Is Lily a victim of the times and society in which she lives?  Or is she complicit in her demise?

Does Lily end her life on purpose or accidentally?

If there is one point in the novel where you would put Lily on a different path, where would that be?

You’ll want to talk about LOVE in this story.  Does anyone love anyone else?  Connected to this, no doubt you’ll talk about marriage and how it is portrayed.  How do the husbands fare?  How do the wives fare?  You’ll talk about the transactional nature of marriage, and who gets what from the deal.

Power is a huge theme in this novel, so you should talk about this!  What gives the characters their power?  Money?  Beauty?  Reputation?  Personal contacts?

Money is also prominent in the story.  Old money versus new money is one of the major themes and plays out in every way: how the characters live, entertain, travel, dress, emote–how they come about their money–in virtually every aspect of their lives.  Yes, you can “dig deep” into what the book is saying about money, class hierarchy, and their complicated relationship.

Related to the above, you may want to discuss the time period of the novel and the changes that were going on during the Gilded Age.  This may give you some interesting insight into the story.  Ask yourselves, what is the book saying about the values and mores and the high society people of the Gilded Age?

You will of course want to discuss the other characters!  How do you feel about Seldon?  Does he truly love Lily?  What does he desire and why?  Is there any “good” character in the story?  How do you feel about Carrie Fisher?  How do you feel about Rosedale?  Wow–these are complicated characters!

Here’s something to debate: When Rosedale tells Lily he will marry her if she brings down Bertha Dorset, the next morning Lily knows her decision.  However, we as readers do not.  Does Lily decide to do what Rosedale has suggested?  What stops her from doing so?  Or has she decided upon waking that she cannot?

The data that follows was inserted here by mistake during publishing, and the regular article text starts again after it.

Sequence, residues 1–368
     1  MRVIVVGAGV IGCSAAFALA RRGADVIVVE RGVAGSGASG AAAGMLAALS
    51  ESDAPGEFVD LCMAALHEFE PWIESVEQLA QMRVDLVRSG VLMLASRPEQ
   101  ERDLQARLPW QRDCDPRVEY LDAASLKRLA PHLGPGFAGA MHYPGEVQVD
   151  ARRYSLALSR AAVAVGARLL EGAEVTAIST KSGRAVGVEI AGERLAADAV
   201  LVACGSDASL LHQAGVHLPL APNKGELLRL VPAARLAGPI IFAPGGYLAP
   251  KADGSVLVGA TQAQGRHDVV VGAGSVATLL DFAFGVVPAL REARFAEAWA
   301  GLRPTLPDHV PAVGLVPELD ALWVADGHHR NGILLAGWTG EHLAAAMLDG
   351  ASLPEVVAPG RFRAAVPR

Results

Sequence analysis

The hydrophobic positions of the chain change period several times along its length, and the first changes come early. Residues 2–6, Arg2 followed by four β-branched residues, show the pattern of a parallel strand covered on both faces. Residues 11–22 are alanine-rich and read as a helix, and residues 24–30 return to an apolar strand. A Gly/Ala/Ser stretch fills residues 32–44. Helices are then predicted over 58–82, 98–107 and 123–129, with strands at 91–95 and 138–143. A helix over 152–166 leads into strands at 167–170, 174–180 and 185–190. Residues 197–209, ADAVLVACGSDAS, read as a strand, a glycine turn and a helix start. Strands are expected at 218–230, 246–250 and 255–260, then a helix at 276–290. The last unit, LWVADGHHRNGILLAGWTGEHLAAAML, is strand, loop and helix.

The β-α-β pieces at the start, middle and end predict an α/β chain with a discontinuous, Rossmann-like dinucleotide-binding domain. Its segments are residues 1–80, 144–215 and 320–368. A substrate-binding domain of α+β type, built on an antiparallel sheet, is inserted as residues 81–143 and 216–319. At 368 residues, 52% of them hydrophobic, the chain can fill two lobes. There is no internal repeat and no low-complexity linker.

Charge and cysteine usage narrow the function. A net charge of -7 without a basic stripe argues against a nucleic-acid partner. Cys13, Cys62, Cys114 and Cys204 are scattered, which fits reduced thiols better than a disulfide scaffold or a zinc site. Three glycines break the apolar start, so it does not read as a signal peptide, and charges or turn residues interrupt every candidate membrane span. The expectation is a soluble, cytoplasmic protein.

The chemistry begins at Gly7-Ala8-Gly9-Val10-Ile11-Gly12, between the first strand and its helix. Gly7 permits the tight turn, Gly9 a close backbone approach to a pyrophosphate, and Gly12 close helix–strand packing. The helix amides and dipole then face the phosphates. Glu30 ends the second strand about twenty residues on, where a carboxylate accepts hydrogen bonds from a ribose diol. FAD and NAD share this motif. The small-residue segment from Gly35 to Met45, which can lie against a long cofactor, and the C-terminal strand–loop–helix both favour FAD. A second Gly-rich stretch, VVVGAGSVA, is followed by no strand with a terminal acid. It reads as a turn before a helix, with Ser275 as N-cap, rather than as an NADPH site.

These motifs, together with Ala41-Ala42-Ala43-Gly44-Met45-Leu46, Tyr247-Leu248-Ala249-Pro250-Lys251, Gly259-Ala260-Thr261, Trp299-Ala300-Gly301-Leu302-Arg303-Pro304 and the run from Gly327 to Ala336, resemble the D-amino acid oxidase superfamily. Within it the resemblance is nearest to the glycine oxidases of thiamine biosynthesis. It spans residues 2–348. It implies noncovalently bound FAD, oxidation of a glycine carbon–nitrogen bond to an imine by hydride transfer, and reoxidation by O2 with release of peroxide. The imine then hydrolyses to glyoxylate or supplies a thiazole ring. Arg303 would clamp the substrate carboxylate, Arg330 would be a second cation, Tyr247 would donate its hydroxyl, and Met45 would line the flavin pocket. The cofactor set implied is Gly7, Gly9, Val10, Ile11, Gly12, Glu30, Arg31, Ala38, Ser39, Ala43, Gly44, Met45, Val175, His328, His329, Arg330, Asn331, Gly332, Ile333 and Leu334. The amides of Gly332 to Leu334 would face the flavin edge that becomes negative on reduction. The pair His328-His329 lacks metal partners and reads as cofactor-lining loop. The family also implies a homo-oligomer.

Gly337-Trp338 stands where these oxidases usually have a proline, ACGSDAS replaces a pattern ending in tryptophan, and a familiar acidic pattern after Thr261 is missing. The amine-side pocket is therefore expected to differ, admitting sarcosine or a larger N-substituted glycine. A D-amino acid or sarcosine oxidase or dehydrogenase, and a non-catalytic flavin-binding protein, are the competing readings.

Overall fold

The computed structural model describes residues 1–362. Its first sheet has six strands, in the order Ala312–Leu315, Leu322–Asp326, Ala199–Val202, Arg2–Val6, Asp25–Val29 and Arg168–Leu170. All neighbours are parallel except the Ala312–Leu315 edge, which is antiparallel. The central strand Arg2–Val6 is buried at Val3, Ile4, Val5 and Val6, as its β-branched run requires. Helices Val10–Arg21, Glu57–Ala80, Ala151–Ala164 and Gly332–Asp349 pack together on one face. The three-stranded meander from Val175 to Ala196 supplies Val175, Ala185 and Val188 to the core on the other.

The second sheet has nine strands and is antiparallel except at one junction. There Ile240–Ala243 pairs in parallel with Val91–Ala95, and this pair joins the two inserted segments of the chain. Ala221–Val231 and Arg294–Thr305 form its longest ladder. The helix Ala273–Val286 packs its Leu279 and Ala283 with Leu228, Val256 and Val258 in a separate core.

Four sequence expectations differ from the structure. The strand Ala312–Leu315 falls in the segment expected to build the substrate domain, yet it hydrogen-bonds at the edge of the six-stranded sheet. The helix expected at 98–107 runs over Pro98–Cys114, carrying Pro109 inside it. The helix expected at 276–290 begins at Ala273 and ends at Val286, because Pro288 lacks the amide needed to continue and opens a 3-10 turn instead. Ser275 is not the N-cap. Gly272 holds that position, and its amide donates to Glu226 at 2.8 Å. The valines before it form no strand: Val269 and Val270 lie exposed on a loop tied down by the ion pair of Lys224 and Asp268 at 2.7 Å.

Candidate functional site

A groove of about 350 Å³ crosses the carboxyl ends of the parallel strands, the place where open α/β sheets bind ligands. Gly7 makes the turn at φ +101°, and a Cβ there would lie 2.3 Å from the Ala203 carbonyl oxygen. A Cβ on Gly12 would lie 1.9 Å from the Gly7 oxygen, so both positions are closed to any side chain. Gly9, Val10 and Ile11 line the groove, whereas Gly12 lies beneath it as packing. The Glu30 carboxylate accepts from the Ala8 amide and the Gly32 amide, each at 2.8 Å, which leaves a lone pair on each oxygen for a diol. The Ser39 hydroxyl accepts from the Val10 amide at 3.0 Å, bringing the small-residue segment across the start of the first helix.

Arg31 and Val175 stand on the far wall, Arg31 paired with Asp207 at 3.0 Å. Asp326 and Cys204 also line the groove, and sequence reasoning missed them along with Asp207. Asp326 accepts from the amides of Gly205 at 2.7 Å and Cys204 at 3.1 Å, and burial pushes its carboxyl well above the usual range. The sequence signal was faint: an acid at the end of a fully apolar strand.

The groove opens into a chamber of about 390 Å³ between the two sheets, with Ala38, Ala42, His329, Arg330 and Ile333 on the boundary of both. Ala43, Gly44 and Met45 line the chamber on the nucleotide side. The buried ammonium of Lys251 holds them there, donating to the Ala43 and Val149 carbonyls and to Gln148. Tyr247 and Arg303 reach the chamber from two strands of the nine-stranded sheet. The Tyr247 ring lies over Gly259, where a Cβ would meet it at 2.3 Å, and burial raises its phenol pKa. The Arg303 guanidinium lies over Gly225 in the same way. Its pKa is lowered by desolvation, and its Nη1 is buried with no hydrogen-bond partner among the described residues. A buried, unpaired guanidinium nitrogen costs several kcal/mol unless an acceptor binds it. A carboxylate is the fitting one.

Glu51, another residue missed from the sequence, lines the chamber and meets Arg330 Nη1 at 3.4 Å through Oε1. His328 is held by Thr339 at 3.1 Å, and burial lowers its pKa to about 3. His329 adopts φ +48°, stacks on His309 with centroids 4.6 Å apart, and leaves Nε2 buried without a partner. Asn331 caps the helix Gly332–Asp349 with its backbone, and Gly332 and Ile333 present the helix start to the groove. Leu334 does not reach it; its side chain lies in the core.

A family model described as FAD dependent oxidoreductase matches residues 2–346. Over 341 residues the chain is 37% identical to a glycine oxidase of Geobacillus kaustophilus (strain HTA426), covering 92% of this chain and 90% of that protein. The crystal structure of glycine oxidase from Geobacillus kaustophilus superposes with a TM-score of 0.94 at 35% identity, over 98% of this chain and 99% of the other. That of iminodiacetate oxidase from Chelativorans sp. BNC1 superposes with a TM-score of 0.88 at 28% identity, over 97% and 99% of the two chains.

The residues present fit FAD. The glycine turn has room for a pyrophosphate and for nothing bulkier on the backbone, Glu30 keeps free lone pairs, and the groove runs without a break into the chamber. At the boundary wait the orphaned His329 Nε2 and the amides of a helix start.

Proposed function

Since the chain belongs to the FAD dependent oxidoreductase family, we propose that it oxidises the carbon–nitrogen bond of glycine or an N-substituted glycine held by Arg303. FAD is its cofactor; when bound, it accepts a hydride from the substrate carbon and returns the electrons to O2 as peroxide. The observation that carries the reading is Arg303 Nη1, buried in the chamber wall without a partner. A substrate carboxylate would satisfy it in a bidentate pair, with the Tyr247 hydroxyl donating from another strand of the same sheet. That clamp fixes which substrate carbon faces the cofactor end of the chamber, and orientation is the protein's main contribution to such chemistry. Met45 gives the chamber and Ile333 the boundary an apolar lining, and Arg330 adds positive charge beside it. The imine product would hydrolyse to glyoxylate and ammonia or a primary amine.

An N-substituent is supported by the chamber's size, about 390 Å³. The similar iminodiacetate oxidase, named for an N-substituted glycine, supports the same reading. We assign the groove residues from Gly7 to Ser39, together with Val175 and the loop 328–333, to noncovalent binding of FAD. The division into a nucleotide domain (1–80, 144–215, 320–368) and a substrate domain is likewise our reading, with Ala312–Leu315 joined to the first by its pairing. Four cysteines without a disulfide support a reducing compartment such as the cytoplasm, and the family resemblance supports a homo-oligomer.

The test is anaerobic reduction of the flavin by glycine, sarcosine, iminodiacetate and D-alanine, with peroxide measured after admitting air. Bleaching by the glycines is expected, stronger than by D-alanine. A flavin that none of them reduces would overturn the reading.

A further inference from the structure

You should discuss Gerty and her purpose in the novel!

I am leaving out SO MANY characters here that you’ll want to discuss, each one representing a different strata of society–make sure you “dig deep” into each one!

Save time to discuss the imagery in the novel!!!  Notice the theme of imprisonment, note the water imagery, note the references to mythology!  Note how nature is portrayed and the characters’ relationship to it.  Note the architecture and the clothing!  What about the names?

What about the title?  It is taken from Ecclesiastes: “The heart of the wise is in the house of mourning; but the heart of fools is in the house of mirth.”  How does this influence your understanding of this book?  The original title was A Moment’s Ornament, and Wharton’s working title was The Year of the Rose.  What do you think of this?

We are just scratching the surface here!!!  However, I’ve probably tried your patience by making you read this far.  One more thing, though: make sure to discuss what this book is about.  Why do we read it year after year?  What is it saying?  Is it relevant to us today?  (I think so!!!)  Is it an important novel?

Let me know how your book club gets on with this literary treasure!!!

Language Matters

This came to me from someone who knows how I feel about the power of language.  It is from the Financial Times, copy and pasted here.  Enjoy!

And the Golden Flannel of the year award goes to . . . 

Lucy Kellaway Lucy Kellaway

On New Year’s eve, just before the final judging session of my 2014 Golden Flannel awards, I put out a last minute plea on Twitter. What were the most irritating new phrases uttered by business people last year?